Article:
Shortchange Artist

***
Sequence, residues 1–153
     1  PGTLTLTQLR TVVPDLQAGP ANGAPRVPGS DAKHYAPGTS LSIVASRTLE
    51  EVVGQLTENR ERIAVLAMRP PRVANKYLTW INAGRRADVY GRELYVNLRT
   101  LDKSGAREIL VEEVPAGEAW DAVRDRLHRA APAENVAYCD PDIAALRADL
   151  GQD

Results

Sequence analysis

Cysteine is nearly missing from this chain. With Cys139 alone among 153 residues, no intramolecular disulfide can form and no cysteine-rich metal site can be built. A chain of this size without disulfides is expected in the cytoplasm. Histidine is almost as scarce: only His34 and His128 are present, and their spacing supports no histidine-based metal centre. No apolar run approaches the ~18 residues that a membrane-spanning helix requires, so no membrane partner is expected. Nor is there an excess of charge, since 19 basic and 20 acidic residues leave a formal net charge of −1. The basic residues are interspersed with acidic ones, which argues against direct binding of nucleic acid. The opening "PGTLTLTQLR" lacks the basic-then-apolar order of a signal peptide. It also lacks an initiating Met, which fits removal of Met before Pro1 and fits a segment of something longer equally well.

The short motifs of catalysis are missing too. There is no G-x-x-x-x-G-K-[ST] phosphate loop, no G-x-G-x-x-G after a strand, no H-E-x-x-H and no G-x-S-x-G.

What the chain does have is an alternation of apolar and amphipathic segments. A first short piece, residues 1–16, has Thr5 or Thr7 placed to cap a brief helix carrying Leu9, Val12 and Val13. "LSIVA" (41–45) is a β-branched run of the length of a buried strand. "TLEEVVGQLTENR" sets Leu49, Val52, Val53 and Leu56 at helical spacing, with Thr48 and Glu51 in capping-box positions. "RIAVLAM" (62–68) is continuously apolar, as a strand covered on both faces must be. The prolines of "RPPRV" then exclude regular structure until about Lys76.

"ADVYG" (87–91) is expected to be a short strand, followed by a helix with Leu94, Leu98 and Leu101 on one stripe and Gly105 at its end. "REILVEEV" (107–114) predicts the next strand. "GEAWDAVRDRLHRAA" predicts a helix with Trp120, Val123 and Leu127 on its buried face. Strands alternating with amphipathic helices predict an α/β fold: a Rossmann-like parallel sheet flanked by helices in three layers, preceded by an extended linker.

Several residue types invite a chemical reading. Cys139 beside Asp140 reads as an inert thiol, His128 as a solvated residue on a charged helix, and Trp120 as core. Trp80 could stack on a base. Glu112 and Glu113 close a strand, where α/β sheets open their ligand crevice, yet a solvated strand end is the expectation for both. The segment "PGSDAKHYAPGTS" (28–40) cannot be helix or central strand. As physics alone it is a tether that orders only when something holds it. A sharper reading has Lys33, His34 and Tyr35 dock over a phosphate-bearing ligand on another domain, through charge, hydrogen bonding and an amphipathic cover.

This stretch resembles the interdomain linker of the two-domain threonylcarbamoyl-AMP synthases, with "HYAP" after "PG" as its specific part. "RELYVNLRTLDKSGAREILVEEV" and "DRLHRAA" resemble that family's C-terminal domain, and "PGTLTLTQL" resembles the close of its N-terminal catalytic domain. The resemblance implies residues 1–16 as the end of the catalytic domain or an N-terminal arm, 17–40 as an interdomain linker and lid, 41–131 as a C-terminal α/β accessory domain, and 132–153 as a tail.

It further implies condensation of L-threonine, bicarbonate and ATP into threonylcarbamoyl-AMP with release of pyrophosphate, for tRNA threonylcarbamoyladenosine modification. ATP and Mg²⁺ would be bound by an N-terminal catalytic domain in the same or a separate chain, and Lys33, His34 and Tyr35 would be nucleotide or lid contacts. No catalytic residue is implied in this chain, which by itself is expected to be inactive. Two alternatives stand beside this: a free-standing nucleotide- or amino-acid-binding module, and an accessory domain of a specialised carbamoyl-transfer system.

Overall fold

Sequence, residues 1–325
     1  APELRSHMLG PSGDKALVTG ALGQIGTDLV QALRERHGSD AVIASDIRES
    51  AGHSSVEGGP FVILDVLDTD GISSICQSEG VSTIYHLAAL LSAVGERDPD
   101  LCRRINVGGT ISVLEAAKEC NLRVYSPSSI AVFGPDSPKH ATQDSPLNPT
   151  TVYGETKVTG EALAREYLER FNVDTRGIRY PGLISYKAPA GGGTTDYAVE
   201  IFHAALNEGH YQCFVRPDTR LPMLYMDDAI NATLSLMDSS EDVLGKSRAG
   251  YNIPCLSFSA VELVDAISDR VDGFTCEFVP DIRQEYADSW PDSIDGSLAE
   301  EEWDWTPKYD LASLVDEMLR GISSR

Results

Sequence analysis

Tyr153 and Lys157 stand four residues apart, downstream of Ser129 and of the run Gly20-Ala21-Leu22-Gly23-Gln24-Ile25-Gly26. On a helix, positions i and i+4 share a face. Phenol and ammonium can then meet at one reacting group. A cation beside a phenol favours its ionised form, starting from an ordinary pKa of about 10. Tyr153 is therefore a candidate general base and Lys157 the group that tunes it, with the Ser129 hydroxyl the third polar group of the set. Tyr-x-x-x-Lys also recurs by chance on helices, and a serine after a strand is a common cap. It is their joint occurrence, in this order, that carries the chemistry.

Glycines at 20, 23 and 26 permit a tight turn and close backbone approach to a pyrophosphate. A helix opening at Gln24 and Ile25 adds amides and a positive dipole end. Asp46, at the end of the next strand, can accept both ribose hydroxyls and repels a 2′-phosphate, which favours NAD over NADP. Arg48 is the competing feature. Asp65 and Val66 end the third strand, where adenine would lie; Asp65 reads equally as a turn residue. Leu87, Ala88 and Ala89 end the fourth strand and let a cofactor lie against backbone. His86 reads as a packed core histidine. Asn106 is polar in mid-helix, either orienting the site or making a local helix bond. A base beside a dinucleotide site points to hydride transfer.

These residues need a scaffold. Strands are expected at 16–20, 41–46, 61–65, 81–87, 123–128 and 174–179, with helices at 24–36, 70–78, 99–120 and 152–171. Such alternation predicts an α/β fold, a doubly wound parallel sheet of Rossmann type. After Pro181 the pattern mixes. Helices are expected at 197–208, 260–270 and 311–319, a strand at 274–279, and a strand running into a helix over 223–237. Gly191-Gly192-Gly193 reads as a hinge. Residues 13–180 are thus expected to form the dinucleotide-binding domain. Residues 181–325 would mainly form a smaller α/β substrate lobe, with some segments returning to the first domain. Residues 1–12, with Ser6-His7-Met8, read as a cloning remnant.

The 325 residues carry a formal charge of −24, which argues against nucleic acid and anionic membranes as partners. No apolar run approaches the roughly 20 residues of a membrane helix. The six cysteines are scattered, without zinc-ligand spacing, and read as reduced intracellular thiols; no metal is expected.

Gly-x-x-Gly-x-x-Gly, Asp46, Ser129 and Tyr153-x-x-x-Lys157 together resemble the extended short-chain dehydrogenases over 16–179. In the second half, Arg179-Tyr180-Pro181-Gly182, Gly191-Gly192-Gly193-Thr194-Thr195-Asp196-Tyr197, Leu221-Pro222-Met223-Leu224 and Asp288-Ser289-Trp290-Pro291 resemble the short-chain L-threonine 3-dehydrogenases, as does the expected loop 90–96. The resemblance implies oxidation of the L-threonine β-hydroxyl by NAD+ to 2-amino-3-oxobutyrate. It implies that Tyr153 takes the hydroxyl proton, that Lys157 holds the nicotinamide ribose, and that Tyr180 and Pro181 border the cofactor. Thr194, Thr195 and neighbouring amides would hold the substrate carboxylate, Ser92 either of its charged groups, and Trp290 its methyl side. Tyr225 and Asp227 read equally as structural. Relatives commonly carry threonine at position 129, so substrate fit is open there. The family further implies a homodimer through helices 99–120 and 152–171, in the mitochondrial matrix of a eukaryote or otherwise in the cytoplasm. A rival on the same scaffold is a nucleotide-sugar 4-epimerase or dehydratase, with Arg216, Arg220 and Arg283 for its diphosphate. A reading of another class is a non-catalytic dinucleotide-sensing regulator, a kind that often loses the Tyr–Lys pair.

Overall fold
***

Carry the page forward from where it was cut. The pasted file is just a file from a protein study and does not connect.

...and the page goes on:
Art by Bob AulSend anonymous thanks, confessions, or accusations-changing or deleting the names of the guilty and innocent-to "Hey, You!" c/oOC Weekly, P.O. Box 10788, Costa Mesa, CA 92627-0247 or e-mail us at letters@ocweekly.com.After a particularly stressful day at work recently, I sat at the bar of a popular beach-city watering hole. You were the bartender there. It was easy to see that most of your customers think you're a likable, easygoing guy. What they don't know is that you are also a thief. During the time it took me to drink two beers, I watched you brazenly shortchange or overcharge several bar patrons. The scam might have gone unnoticed if it hadn't been for the one alert guy who caught you giving him change for a $10 after he had given you a $20. Your innocent act-which I later realized was designed to make the customer feel petty for calling attention to the "error"-seemed genuine to me at the time. However, less than five minutes later, I watched as you chatted up and then confidently shortchanged another $20-toting patron; this one went unsuspecting of your depravity. The two women you overcharged $4 on two glasses of wine don't know what a scumbag you are, either. But I do . . . and I want you to know I'm thinking of revenge.

 
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